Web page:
When, in 1956, I proposed that penicillamine might be of use as a chelating agent for copper removal  virtually nothing was known of its potential toxicity except that the L-isomer, when fed to ethanolamine deficient rats, caused loss of weight . As the isomer liberated from penicillin is the the D isomer this did not seem relevant. I speculated on its potential toxicity and pointed out that as this aminoacid, in the D form, was present in the urines of all patients treated with penicillin it was therefore unlikely to have any immediate toxic effects and supported this by safely taking a gram myself. However the possibility of long-term toxicity had to be considered and I suggested “dimethyl cysteine (penicillamine) might enter into the same metabolic pathways as cysteine and thereby cause a block. Occurring in the liver a metabolic block might lead to a conditioned cysteine deficiency and hepatic necrosis., in the skin it might cause alopecia as does selenium cystine. These points can be resolved only by long term study”. Although a small number of patients have complained of excessive hair loss there have been no reports of total alopecia and hepatic necrosis also has not been reported. In practice, with increasing time of dosage and increasing number of patients treated, a wide spectrum of toxicities have been reported.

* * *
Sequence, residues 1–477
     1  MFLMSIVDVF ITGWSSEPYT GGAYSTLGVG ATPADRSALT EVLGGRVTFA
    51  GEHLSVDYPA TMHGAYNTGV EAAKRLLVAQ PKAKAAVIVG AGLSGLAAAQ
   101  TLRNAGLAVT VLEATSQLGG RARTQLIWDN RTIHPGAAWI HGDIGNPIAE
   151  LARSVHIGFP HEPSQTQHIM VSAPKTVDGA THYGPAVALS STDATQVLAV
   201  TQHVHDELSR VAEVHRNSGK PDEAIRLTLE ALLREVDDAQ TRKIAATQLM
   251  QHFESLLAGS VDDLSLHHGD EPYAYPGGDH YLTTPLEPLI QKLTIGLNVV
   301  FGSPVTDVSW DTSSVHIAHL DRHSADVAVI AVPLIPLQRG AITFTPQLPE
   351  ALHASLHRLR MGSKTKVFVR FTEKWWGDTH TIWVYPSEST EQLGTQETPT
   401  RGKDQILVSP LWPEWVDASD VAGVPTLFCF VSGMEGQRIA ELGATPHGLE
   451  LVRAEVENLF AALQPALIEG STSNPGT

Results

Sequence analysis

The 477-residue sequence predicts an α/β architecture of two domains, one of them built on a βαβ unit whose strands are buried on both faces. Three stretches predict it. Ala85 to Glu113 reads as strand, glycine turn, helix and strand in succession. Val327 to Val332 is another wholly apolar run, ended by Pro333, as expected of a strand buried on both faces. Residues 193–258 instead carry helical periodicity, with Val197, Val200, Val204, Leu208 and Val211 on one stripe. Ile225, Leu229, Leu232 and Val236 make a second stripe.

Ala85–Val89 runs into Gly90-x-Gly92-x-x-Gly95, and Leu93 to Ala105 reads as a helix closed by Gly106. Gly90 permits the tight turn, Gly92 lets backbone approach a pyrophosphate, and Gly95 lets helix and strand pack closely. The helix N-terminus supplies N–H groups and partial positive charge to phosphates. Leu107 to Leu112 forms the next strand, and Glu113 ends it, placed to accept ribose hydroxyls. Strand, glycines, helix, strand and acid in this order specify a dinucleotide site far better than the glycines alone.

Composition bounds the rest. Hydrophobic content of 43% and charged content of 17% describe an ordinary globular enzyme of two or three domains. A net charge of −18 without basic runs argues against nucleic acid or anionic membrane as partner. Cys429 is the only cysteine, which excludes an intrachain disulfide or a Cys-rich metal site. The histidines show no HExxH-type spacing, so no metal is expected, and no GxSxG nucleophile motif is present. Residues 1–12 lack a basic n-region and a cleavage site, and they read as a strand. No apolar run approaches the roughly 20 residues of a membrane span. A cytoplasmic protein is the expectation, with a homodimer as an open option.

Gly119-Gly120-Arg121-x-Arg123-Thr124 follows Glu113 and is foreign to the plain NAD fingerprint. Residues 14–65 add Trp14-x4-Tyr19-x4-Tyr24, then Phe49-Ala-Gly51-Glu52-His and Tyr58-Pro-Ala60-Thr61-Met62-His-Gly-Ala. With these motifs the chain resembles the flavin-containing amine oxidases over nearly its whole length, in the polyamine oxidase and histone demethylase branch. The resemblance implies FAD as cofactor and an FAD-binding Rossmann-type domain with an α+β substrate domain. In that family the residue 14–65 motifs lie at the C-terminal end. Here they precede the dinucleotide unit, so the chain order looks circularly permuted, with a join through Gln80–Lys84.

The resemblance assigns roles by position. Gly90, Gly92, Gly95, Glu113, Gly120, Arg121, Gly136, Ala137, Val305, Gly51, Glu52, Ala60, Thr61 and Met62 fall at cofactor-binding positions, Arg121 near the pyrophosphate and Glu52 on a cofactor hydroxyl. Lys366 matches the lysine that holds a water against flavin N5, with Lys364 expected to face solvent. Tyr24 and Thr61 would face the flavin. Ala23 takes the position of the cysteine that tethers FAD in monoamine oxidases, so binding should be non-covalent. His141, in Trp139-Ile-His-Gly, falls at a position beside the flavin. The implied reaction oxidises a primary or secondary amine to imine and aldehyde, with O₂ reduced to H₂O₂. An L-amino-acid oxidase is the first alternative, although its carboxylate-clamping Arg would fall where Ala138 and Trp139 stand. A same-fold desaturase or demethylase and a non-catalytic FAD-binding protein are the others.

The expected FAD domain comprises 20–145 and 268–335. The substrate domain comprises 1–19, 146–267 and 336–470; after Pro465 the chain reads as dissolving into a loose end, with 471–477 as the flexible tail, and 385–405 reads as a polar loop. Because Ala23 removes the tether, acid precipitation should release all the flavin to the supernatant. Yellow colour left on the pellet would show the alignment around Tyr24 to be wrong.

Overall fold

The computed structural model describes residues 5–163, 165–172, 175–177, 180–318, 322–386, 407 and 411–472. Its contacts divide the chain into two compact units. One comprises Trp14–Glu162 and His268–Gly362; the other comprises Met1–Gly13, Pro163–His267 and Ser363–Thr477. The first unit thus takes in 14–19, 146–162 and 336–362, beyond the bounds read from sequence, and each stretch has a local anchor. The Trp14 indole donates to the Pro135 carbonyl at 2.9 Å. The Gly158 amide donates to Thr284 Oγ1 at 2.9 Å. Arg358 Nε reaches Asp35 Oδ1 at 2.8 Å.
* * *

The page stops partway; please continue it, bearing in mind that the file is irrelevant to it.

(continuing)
However, before any serious side effects were recorded came the report in 1963 and that penicillamine formed a mixed disulphide with cysteine and that this could be used for the treatment of another, unrelated metabolic disease, cystinuria  and Hartley and Walshe  were able to show that half the penicillamine excreted in urine was in this form. The first serious side effect to be reported was the nephrotic syndrome and this led directly to the development of trientine as an alternative orally active chelating agent . As penicillamine toxicity became more of a problem the subject was dealt with in some detail in four symposia, 1968 , 1974, , 1977 , and 1981 , held on this drug. These can be best summarised in a diagram of 1985, (Figure 1). In the 1981 symposium  I pointed out that “Penicillamine toxicity can be resolved into chemically and immunologically mediated reactions. Chemical toxicity is dose dependent and, if the drug is withdrawn in time, readily reversible.” These reactions are also explicable in terms of the drugs known chemical reactions. For instance the skin lesions, cutis laxa, elastosis perforans, and epidermolysis can be explained in terms of the action of penicillamine on the copper-dependent enzyme lysyl oxidase which mediates collagen cross-linkage . Similarly the ability of this drug to cause pyridoxine deficiency results from its ability to form a thiazolidine with the vitamin. Although, in fact, D-penicillamine has only a very weak action compared with that of the L isomer . Much more serious are the immune reactions, such as SLE, the nephrotic syndrome, Goodpasture syndrome, and Ehlers Danlos syndrome and these all require immediate drug withdrawal.